The future of abortion in America hinges on the outcome of Roe v. Wade, a landmark 1973 Supreme Court decision that legalized abortions nationwide. As the landmark decision turns 40, states are passing legislation that would severely limit or even lead to a ban on abortions. With an increasingly conservative Supreme Court under President Trump’s administration, we can expect these laws to be enforced and for Roe v. Wade to eventually be overturned in the coming years.
If Roe v. Wade were to be overturned, there would not be an national legalization of abortion. Abortion would remain legal in individual states. However, a vast majority of the country’s population lives in states that have outlawed abortions.
A new Guttmacher Institute report provides data on how legal access to abortion has declined since Roe was decided.
The number of abortions declined by 22% between 1990 and 2014, according to this report. In the same period, the number of women living in states that had passed a ban on abortion increased by an astounding 123%:
While the overall number of abortions per year fell between 1990 and 2014, this decline did not occur evenly across all states. The sharpest decline was in states where many women lived:
In 28 states, at least half of all women lived in areas where abortions were illegal in 1990. By 2014, only four of these states still had a significant fraction of their population living in such an area.
Furthermore, abortion rates declined in every state except North Dakota and Wyoming:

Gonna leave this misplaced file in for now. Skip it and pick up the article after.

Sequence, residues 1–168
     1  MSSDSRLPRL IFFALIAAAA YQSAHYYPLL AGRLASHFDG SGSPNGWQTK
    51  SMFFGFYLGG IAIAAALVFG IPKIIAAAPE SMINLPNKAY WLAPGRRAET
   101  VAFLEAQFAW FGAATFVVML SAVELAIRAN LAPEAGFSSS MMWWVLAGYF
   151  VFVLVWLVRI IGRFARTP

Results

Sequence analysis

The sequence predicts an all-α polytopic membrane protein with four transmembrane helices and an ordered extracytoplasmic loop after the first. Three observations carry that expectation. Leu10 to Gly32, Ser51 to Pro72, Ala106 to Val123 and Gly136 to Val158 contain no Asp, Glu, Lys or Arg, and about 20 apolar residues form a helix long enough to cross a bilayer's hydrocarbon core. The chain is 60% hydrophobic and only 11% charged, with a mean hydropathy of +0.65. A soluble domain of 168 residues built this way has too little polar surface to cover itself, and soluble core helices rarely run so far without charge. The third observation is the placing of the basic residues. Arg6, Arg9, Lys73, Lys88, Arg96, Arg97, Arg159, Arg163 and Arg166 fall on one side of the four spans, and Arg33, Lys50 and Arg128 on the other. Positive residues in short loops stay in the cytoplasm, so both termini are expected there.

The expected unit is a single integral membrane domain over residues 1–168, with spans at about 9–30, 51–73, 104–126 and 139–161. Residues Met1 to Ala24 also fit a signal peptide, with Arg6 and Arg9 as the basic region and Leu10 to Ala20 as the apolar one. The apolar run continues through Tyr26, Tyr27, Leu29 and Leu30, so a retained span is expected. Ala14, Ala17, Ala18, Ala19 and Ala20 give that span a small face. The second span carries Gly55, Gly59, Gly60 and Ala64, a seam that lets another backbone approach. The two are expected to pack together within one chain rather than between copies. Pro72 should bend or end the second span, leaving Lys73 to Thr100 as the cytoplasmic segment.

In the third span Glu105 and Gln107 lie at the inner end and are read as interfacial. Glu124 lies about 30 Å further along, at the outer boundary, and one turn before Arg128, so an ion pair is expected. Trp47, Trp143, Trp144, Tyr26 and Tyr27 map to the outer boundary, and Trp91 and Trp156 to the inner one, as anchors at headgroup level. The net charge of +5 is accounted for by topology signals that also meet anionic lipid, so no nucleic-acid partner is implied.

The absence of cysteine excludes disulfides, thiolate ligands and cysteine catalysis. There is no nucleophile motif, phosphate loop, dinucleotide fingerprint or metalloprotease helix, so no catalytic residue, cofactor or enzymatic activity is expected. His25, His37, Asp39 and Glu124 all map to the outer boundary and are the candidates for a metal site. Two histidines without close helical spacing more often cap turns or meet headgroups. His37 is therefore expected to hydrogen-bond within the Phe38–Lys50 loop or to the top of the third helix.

The steepest decline in the abortion rate was seen in Mississippi, which has banned abortion after 12 weeks of pregnancy. Yet the rate has fallen by 75% since 1990:
South Dakota has imposed a 72-hour waiting period on women seeking abortions. In the state, fewer than 1% of women had abortions in 2014, down from 12% in 1990:
Finally, the report compares the abortion rates of women living in states that did and did not ban abortions. In 2014, these rates were 160 per 1,000 women in states where abortion was mostly banned and 19 per 1,000 where it was broadly legal:
Roe v. Wade legalized abortion nationwide. In most states today, however, it is only guaranteed if you can afford one.
The Family Planning Act of 1970 required virtually all states to provide funding for women’s abortions. In 1996, this requirement was extended to all insurance plans by the federal government with the passage of the Health Insurance Portability and Accountability Act (HIPAA).
The Hyde Amendment prohibits using federal Medicaid funds for abortions except in cases of rape, incest, or endangerment of a woman’s life. It has been attached to annual appropriations bills since 1976. Federal funding for Planned Parenthood has been prohibited since 1976, and the Hyde Amendment has been attached to annual appropriations bills with the exception of 2001.
In addition to cutting off access to abortion, these restrictions also have a disproportionate impact on women of color. For example, in Mississippi, just 11% of white women and 2% of black women live in a state where abortion is completely banned.
Even in states where abortion is legal, many women cannot afford it. A 2017 study by the Guttmacher Institute found that waiting periods imposed on women seeking abortions often result in delays. Furthermore, the report also found that waiting period requirements are 66% more likely to force a woman to delay her abortion than a state without such restrictions.
The health consequences of pregnancy and childbirth are well-documented and universally known.
Many women today are unable to afford an abortion even in states where they remain legal. In the next 40 years, more and more states will follow Mississippi’s example and prohibit abortion.
If Roe v. Wade is overturned, the right to a safe and legal abortion would be stripped away from millions of Americans. While the future seems bleak, there is evidence that support for reproductive rights is growing among millennials.
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